This audit-led approach is backed up by a number of real-word case studies. For instance, one UK-based company to have recently benefited is Buxton Press. The award winning magazine printing company began the process by participating in an iiTrak system energy audit that indicated the level of air leakage from its existing pipework was high. As a result, the company opted to install a new ring main and 75kW VSD compressor with ancillaries. This is calculated to result in an annual carbon reduction of approximately 48t of CO2, along with close to £7500 per annum savings in compressed air energy costs.
In another recent example, Kingsmoor Packaging, a leading manufacturer of bespoke thermoformed plastic packaging for the food industry, was able to increase both its production capacity and energy efficiency. It achieved this after initially agreeing to an energy audit to check the load cycle profile for each compressor within its system. The goal of this exercise was to create a representation of the air and energy being used during a typical production week. The resulting data was then used to extrapolate an annual use of compressed air, the energy used and its cost. The outcomes of the assessment ultimately led to Kingsmoor Packaging downsizing from a 110kW to a 90kW VSD compressor, which reduced the operating pressure of the system and is saving the company in the region of £47,000 per year.
Despite these type of savings now being widely achievable through the latest advances in VSD compressed air technology, some companies continue to be put off by the perception that the crucial installation stage could be disruptive to day-to-day operations. In reality, when it is handled by a reputable OEM, or one of its authorised distributors, the process will have been meticulously planned to have as little interruption as possible. For instance, where feasible, the installers will utilise existing back-up compressors or the ones being replaced, to ensure there is no loss of production.
Simply installing the compressor is not enough however. Responsible OEMs and distributors should offer 24/7 support in the weeks immediately following installation, to ensure everything runs smoothly, and then encourage the end user to adopt a service contract that will ensure they have peace of mind throughout the total lifecycle of their system.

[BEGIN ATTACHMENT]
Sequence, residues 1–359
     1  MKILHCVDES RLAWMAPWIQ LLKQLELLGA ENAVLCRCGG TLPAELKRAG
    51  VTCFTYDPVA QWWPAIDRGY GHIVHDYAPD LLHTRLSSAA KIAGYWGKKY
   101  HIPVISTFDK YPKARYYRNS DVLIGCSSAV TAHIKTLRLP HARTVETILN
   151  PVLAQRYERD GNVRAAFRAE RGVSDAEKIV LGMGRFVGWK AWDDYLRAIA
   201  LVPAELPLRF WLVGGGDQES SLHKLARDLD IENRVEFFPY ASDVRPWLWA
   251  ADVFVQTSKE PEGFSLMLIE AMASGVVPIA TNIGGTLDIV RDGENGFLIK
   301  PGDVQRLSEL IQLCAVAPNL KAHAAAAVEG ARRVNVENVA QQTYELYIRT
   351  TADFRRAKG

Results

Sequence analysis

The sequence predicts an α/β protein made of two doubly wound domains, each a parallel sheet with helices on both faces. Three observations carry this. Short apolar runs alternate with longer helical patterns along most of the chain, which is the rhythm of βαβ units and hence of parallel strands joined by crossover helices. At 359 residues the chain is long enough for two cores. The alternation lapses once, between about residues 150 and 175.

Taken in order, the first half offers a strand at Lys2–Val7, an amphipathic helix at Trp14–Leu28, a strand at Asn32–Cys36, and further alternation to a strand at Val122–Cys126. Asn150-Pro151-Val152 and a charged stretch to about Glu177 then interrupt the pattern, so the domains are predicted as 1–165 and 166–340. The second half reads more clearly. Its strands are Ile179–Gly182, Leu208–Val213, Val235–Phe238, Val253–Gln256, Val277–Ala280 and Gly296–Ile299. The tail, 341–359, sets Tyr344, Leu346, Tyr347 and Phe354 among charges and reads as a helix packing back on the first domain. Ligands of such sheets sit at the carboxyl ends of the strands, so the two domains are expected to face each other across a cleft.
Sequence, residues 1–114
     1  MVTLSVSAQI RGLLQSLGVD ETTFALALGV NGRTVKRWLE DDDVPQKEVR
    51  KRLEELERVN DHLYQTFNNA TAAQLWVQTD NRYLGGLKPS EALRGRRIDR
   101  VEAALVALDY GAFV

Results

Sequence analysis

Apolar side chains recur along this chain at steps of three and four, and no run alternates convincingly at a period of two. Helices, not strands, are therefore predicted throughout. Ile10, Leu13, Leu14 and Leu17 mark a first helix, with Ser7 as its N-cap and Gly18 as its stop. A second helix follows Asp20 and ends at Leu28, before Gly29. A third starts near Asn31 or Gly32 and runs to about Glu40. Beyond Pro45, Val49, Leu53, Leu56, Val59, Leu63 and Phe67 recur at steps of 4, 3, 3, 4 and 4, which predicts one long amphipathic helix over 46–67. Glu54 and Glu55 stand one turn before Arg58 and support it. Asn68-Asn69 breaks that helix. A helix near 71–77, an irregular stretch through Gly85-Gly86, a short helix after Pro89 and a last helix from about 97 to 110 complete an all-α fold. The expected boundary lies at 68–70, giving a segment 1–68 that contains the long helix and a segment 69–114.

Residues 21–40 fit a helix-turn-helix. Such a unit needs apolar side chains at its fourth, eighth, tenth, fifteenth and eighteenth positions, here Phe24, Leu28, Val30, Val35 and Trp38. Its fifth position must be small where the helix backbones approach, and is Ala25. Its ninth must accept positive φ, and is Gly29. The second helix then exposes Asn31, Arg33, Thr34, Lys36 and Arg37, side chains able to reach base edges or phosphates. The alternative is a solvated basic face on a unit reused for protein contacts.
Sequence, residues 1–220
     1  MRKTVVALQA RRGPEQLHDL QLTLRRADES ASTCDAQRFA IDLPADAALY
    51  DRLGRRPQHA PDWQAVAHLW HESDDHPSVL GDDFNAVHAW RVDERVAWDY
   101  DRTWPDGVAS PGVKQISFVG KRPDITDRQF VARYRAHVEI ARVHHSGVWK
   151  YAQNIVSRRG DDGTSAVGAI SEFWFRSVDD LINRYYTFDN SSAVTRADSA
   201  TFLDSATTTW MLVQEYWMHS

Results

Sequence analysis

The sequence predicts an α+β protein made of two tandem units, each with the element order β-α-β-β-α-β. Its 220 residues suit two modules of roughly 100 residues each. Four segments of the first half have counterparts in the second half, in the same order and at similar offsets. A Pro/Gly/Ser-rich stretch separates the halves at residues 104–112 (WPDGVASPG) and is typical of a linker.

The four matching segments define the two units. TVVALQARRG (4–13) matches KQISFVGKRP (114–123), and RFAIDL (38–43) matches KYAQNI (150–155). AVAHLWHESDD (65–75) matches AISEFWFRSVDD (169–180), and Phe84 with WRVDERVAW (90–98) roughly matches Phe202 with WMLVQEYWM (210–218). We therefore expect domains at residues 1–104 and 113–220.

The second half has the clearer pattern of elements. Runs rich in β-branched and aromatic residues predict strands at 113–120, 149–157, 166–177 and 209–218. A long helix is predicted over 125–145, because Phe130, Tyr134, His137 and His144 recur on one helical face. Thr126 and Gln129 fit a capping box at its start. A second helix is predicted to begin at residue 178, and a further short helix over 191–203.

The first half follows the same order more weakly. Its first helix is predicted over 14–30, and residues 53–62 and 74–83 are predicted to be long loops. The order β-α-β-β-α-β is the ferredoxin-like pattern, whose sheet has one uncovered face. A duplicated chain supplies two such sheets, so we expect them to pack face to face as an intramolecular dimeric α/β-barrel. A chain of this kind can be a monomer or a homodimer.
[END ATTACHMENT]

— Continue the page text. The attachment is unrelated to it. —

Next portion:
For manufacturers seeking to go one step further and continually optimise their compressed air system it is highly advisable to utilise the latest advances in remote data monitoring technology. One such solution, which enables air compressors to be compatible with Smart IoT oriented factory environments, is a recently introduced innovation called SmartLink.
Once activated, the intelligent software in the SmartLink data monitoring programme performs live analysis of compressed air usage patterns and, depending on the option chosen, will provide proactive warnings of potential failures and flag up opportunities to improve uptime. One company to have directly benefited from this technology was a leading UK-based cereal manufacturer whose compressor automatically picked up warnings from its electronic condensate drains and triggered a visit to the site by a service engineer. This early intervention saw the customer fit temporary heaters to prevent the drains freezing up during the winter, which could have led to compressor element damage, condensate reaching the air network, and substantial breakdown costs.
What all of this shows is that making even small changes as a result of an initial visual assessment or full system audit can often be enough for companies to realise long-term financial savings, production and energy efficiency improvements; as well as highlighting opportunities to implement best practice in terms of health and safety. Click here to find out more about how you could benefit from a compressed air energy audit and to sign up for your own free of charge 10-minute #airCHECK: https://www.atlascopco.com/en-uk/compressors/customer-offers/compressed-air-system-aircheck
Stef Lievens is business line manager for Industrial Air at Atlas Copco Compressors UK